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  1. #15
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    Raising the boom may well result in the board riding more nose high but ( most especially on a slalom board) that would depend on a number of other aspects of board and sail tuning..and cannot be used in isolation of those.
    On most slalom boards, part of achieving an effective trim is to equalise pressure on both feet. Due to very outboard strap positions that foot pressure pushes a gainst the rail but also partly down through the board. Lifting the boom whilst leaving other tuning elements as they were is likely to take some pressure off the front foot, especially across the wind and upwind. That will give less control over the nose of the board. Lowering the boom will likely have the opposite effect. Similarly moving the mastfoot back slightly will make any front foot pressure proportionately less in terms of controlling the nose.....even more so if the boom is kept at the same height. The degree of fin rake also impacts on how the board rides once fully powered, as does the amount of downhaul used......and of course the position of the front strap in relation to the mastfoot position.

    I said initially...especially on slalom boards.........because they typically have short planning flats. Freerace and freeride board typically have longer planning flats to make them a lot less sensitive to trim setting, more progressive in terms of acceleration, and more stable once planning. The same principles apply however but with a lot less sensitivity.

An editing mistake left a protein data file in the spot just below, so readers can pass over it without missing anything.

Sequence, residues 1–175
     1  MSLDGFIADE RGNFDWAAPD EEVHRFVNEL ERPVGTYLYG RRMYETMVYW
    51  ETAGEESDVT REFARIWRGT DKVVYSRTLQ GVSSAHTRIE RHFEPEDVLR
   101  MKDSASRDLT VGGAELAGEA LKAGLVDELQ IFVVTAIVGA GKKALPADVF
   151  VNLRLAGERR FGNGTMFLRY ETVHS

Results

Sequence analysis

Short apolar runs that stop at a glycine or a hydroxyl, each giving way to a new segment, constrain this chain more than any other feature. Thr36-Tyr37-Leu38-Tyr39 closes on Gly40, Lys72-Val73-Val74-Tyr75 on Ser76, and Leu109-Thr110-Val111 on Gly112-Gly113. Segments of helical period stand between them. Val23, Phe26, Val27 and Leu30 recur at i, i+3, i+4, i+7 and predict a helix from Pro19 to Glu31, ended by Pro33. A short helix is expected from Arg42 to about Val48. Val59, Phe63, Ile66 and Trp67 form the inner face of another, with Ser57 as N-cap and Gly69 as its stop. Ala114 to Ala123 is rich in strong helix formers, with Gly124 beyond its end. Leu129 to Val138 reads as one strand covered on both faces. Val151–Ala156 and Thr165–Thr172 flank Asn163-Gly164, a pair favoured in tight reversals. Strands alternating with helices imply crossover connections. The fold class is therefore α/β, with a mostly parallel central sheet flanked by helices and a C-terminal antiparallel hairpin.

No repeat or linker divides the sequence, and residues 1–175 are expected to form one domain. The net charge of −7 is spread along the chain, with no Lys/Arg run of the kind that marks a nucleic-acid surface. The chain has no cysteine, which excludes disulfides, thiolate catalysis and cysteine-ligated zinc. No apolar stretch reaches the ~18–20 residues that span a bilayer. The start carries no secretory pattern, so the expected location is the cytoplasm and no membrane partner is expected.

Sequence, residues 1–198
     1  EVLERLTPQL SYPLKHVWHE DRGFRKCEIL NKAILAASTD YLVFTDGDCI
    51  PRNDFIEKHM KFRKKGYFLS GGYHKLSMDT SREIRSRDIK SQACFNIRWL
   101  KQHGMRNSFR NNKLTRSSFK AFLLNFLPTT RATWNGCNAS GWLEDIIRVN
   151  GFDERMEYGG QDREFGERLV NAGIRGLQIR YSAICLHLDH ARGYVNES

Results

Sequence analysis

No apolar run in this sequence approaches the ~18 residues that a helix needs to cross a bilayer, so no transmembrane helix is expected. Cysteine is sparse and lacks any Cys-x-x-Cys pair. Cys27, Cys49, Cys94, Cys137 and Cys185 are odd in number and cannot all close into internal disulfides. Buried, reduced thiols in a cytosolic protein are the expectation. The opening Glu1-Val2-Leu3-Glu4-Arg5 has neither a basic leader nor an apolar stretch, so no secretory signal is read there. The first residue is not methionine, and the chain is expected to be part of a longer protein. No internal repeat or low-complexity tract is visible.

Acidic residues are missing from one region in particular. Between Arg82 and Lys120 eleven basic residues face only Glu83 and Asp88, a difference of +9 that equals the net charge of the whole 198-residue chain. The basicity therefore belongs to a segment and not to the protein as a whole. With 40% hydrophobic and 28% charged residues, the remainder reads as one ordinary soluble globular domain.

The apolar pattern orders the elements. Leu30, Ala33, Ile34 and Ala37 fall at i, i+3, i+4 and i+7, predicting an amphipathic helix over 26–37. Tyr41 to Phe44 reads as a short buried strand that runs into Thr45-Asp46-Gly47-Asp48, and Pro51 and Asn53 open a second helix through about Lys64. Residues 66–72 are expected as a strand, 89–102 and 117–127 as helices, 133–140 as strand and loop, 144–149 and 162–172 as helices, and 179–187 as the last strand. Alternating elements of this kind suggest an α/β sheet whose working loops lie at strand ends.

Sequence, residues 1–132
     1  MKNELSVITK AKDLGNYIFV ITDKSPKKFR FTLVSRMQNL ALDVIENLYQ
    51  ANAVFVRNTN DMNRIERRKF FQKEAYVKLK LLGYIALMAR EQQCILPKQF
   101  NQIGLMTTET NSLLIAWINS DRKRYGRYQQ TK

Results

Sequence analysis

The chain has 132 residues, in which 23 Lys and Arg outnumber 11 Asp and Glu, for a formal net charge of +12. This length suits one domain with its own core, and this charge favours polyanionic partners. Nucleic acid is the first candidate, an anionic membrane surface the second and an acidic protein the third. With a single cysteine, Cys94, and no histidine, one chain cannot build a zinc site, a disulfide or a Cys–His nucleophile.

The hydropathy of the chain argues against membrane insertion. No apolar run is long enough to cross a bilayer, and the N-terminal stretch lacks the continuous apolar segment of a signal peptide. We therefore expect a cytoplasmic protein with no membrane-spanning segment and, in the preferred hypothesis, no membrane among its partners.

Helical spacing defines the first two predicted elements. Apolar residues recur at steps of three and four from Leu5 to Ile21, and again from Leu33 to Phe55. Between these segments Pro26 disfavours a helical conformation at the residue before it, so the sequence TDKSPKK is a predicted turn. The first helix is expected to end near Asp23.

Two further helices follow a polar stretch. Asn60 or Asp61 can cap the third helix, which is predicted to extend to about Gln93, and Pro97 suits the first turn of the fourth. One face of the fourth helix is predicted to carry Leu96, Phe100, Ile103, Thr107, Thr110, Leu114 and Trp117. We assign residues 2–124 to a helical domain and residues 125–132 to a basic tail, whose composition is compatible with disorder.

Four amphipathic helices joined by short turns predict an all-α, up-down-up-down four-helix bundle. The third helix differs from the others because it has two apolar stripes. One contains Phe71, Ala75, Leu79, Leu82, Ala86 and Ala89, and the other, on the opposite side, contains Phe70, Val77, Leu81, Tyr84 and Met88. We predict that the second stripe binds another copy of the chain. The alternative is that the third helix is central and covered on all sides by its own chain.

I have limited experience of boards with tail rocker and/or continuous rocker since they are designed primarily to maximise manoeuvrability rather than planning performance..........I would suspect once having found a comfortable set of strap positions and mast foot position etc to suit your stance and the conditions being used in, there is less scope for change.

  2. #16
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    ps..........its fairly easy to determine when too little pressure is on the front foot on a slalom board..........the front foot will not stay in the strap!

  3. #17
    Quote Originally Posted by Wing 11 View Post
    Sebastian Kornum words ; " want to keep nose down,you just put boom down"


    10: 34min

    Listen to the whole NP video here. There's a lot of good advice from both sailors.

    Sebastian actually talks about adjusting boom height as an emergency thing for regaining control – and what does that mean here?
    When out of control the fin is dominating the board and you might be tail-walking rather than speeding forwards with the board level. But it's actually the rig that is causing the problem here (as that's what he's taking about in this video).

    If lowering the boom gives you more control over the rig, then that helps you gain the calm to drive the board more efficiently, weighting your front foot more so that the board levels, with a lower nose.
    That's not quite the same thing as saying a lower boom will lower the nose.

    Both sailors agree to lower the boom in windy weather to regain control.

    Once in control, you can load the front or back foot as required, and that is what determines fore-and-aft board trim.


    I like the Peter Bijl video as well.
    Last edited by basher; 15th November 2017 at 12:03 AM.
    Now back in the UK.

  4. #18
    Senior Member Gorgesailor's Avatar